All of the above designations are applied
automatically to qualified coins at the time of grading
and at no additional cost. NGC certified coins that
are lacking such designations may be submitted to NGC
for possible addition of them at a small fee.
Another pair of designations important
to collectors of proof coins are the words CAMEO and
ULTRA CAMEO that appear on some of the NGC certified
proofs following the numerical grade. Only the earliest
impressions from new proof dies will reveal frosted
or satiny legends and devices, as these relief elements
quickly became polished by the repeated interaction
of the dies with the planchets. The terms CAMEO and
ULTRA CAMEO simply separate different degrees of the
same contrasting effect, and NGCs UTLRA CAMEO
means the same thing as other grading services
DCAM, or DEEP CAMEO. Once again, this is
just a matter of semantics. NGC automatically applies
these designations to qualified coins at the time of
grading at no additional cost. As with all such designations,
NGC certified coins may be submitted for review of their
CAMEO or ULTRA CAMEO status for a small fee.
Its very difficult to put into
words the difference between CAMEO and ULTRA CAMEO,
other than to say that the latter is clearly more pronounced.
The dividing line is somewhat subjective, but the important
thing to remember is that NGC applies the distinction
as consistently as humanly possible and in accordance
with widely accepted market standards. For a proof coin
to be labeled CAMEO by NGC, it must display contrasting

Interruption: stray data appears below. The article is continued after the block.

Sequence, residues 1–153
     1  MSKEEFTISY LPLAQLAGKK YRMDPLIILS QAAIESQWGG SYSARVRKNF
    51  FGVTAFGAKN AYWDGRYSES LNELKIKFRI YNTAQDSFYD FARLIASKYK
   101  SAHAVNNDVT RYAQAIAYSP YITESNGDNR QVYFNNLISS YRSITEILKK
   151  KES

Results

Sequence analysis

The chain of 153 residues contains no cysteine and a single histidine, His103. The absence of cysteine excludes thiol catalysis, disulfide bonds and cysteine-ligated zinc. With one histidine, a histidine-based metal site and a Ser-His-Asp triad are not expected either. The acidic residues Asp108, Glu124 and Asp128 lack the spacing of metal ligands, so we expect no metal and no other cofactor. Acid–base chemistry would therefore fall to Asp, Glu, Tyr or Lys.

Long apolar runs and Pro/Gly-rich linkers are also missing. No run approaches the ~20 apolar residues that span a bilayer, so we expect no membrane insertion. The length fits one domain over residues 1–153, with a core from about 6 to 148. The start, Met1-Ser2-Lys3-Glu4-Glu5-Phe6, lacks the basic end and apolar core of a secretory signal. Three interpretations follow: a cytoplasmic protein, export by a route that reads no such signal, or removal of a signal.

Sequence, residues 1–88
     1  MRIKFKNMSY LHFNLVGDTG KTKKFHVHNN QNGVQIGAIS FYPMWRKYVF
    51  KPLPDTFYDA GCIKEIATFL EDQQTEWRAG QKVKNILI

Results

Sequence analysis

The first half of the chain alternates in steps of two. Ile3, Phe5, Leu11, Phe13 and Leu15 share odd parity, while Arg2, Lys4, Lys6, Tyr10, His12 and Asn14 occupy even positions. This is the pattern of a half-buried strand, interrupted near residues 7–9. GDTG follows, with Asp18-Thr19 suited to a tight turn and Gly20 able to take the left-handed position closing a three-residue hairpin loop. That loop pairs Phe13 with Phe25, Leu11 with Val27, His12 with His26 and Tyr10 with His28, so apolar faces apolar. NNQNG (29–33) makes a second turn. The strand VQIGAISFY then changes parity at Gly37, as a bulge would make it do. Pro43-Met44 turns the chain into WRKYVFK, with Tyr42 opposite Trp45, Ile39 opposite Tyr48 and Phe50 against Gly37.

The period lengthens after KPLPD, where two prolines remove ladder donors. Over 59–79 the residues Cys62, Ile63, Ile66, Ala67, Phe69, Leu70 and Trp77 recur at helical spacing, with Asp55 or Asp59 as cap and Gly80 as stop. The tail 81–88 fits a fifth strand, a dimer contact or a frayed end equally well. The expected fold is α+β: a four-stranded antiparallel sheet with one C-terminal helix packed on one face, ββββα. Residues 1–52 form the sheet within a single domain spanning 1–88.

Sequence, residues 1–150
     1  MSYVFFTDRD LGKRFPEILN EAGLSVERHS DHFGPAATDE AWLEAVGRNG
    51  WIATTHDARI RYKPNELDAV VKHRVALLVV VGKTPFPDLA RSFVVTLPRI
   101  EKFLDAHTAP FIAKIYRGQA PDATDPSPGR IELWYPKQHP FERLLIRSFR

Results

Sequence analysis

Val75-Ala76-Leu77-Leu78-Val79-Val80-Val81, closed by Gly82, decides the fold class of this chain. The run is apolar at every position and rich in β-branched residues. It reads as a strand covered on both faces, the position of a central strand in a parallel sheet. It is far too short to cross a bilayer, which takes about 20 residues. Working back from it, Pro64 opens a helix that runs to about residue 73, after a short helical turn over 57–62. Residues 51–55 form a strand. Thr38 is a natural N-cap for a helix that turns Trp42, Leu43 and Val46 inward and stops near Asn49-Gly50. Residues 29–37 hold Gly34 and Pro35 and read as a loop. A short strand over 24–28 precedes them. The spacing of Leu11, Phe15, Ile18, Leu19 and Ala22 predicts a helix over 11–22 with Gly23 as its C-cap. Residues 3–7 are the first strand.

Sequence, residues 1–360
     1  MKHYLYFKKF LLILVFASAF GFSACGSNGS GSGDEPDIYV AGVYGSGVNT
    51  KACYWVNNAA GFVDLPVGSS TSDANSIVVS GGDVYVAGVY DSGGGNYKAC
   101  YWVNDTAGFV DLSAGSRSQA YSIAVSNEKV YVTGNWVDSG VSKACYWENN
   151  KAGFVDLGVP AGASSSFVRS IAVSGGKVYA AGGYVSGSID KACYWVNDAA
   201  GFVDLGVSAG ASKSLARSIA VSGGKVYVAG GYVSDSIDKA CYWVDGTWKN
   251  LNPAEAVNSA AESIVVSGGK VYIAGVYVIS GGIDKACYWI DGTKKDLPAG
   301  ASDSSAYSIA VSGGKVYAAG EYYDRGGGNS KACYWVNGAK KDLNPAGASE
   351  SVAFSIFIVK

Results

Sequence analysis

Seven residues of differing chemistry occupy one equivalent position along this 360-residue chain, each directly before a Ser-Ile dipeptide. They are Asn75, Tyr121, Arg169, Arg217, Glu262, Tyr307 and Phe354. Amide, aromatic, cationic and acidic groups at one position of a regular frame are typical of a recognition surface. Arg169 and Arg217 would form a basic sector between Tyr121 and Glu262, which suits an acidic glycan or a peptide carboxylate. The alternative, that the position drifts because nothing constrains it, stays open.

fields and devices on both sides. For the ULTRA
CAMEO designation, it must have superior contrast on
both sides. One-sided contrast will not earn
a coin the CAMEO designation, though it may be acknowledged
for its superior eye appeal through application of the
NGC Star designation (this is explained more fully below).
Likewise, coins that have ULTRA CAMEO contrast on their
obverses only will not be so labeled, but their premium
value may be recognized through application of the NGC
Star (see below).
In recent years the market for modern (roughly 1940-date) coins
has matured greatly. Where once these were traded only
by the roll or bag, individual pieces are now eagerly
sought in the higher grades. With this growing emphasis
on quality, two distinguishing designations have been
introduced by NGC to segregate these coins not only
by grade but by their appeal to individual tastes too.
These designations are the letter W to indicate
a white or entirely untoned coin and the
NGC star, applied to coins of outstanding appearance.
These follow a coins numerical grade on the NGC
The letter W
on the label of an NGC certified silver, nickel or clad
coin identifies the piece as having no toning whatsoever.
In common marketplace parlance, such pieces are described
as being white and there are a number of
collectors who desire to own nothing else. For that
reason, NGC introduced the W
to distinguish such coins.
Another innovation of NGC is the star ()
for coins having superior aesthetic value, or eye
appeal. It does not apply to so-called PQ (premium
quality) coins that fell just short of the next grade.
Rather, it applies to coins that are what they are in
terms of numerical grade, yet are simply more desirable
to the trained eye than other coins of the same grade.
Among the qualities that can earn a coin the coveted
designation are superior luster and beautiful toning.
In the case of proof coins, the
may be applied to pieces displaying cameo contrast on
one side only. While such coins are not eligible for
the CAMEO designation, the inclusion of a
acknowledges that they do possess superior eye appeal.
In a similar vein, a coin already determined to be CAMEO
on both sides may receive an additional
designation if its obverse displays ULTRA CAMEO contrast.
Finally, a coin designated as ULTRA CAMEO may receive
if the graders believe that its degree of contrast is
truly superior to the more typical specimen.
Both the W and the
are applied automatically by NGCs graders to qualifying
coins at no additional cost. As with all of NGCs
designations, coins already holdered by NGC may be resubmitted
at a nominal cost to be examined for their W